Spare a thought for amateur rugby, it needs it.
The Six Nation stadiums were quiet places last weekend, players and supporters catching their breath from what is turning out to be a mesmerising championship.
So, there’s time to look at some issues which threaten the amateur or community side of things, both schools and clubs, who make up in excess of 95 per cent of the total playing population, a massive majority. Much of the problem, but not all, revolves around the tackle.
It doesn’t seem so long ago when a key part of my then IRFU role was to head up its Laws Group, take soundings from across all levels of the game, and then bring the outcome of our views to the Six Nations and to World Rugby.
Each union did the same, with proposals of real merit then going forward for playing trials to see how things worked, before being incorporated into law. The system ensured, both pro and amateur, that the game was whistled to the same tune.
We now see what appears to be an inevitable divergence in the laws applicable to each level, even though the amateurs mirror the style of the professionals, whose physicality too often becomes brutality; that’s where a large part of the problem lies.
There is, though, a huge difference. Professionals are highly paid to take, and dole out, very heavy punishment. And while it’s impossible to strengthen or condition a brain, they are also supported by expert medical attention always immediately to hand.
With all the goodwill in the world, amateur rugby cannot come close to providing similar care. Let’s not fool ourselves either. Concussions are occurring in schools and clubs, and that, unfortunately but indisputably, puts the game in a high-risk place.
Club and school matches can be terrific contests, but frightening in intensity and force of collisions. A large crowd watched a recent schools match with two packs slugging it out, the winning scores coming only after continuous goal-line “pick and drives,” it was trench warfare. It’s impossible to blame those who are saying “no, thank you” to the prospect of such a hard, attritional sport.
In trying to sort out the tackle height, individual unions have been paddling their own canoes down different rivers, resulting in several different solutions, which is definitely not a good thing.
In England, the RFU announced that the height would be reduced to waist level for their community game. The ink wasn’t even dry on that communiqué when there was an enormous kick-back against it. Consultation had been sorely lacking, and no proof or evidence produced that this was demonstratively the correct thing to do. Back-tracking at high pace, the RFU apologised profoundly, promising a more inclusive, in-depth approach. Not quite their finest hour.
Anecdotal decisions are the worst of the worst and all that happens is that the loudest voices get their way. Insisting that tacklers go to waist level or below has all the potential to make things worse by exposing them to forceful awkward collisions with the ball carrier’s hip or knee.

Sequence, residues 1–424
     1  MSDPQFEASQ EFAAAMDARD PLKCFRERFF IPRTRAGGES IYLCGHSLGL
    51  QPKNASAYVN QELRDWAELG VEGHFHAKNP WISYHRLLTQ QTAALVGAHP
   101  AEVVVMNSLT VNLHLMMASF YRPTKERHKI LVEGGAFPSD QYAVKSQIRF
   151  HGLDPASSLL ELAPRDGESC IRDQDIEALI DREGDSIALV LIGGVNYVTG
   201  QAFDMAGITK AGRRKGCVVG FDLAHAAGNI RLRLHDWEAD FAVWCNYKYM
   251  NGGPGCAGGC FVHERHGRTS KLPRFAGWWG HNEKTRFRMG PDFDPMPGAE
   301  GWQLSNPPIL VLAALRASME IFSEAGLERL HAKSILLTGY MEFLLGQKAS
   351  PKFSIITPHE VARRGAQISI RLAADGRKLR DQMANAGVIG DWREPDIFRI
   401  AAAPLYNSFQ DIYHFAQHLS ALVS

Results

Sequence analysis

New Zealand’s sternum height, supported by evidence, makes a lot more sense, and, although some of the detail around a second tackler muddies the water somewhat, it definitely seems the best starting point.
France completed their own trials, subsequently deciding that the waist should be the maximum height, with the added provisos of no double tackles, and not allowing the ball carrier to dip into the tackler. Try to referee all of that, a nightmare of enormous difficulty and inconsistency.
Closer to home, it’s clear that the IRFU have kept their powder dry for the moment. It’s wiser to move on this vitally important issue only when there’s as much certainty as possible that the correct fork in the road has been identified.
An additional problem for the IRFU might be where to draw the tackle line for schools, which have effectively become junior academies for the pro game. These players are only 17 or 18 years old, studying for their future, and whatever is safest for them must govern the thinking.
The professional game is keeping an eye on all the high tackle data but is unlikely to move in a hurry, while, at the same time, the amateurs cannot afford to wait.
In this most vexed issue, World Rugby have a key pivotal role and will make researched recommendations for the amateur game during the next few months. That’s a necessary and welcome move which will, hopefully, facilitate a global conversation amongst unions. A universal approach is needed which is both safe and practical, and as straightforward as possible for referees.
Apart from the tackle, other potential changes to the laws exist which would make the sport safer, more enjoyable.
Limit the distance a maul can advance and (in any maul) require the ball to be released when it moves inside the five-metre defensive line, thus no more tries which can’t be legally defended.
Limit, too, the number of pick and drives per sequence of play, and outlaw ‘torpedo’ clearouts at the breakdown. These might also be very beneficial to the pro-game, definitely worth trying.
The brain-injury doomsday clock has already struck midnight for too many former players across the whole game, who, with their families, are now suffering the horrors of early-onset dementia. We can only hope that today’s players will be spared the same fate and that those of the future may avoid the possibility by sensible, meaningful changes to the laws.
If not, parents of schoolchildren and young ‘amateur’ adults, so many already disillusioned and doubtful, will call halt. Where to for rugby then? Maybe similar to the games in ancient Rome’s Colosseum – thousands queuing up to watch, but not too many wanting to take part. It could hardly be more serious.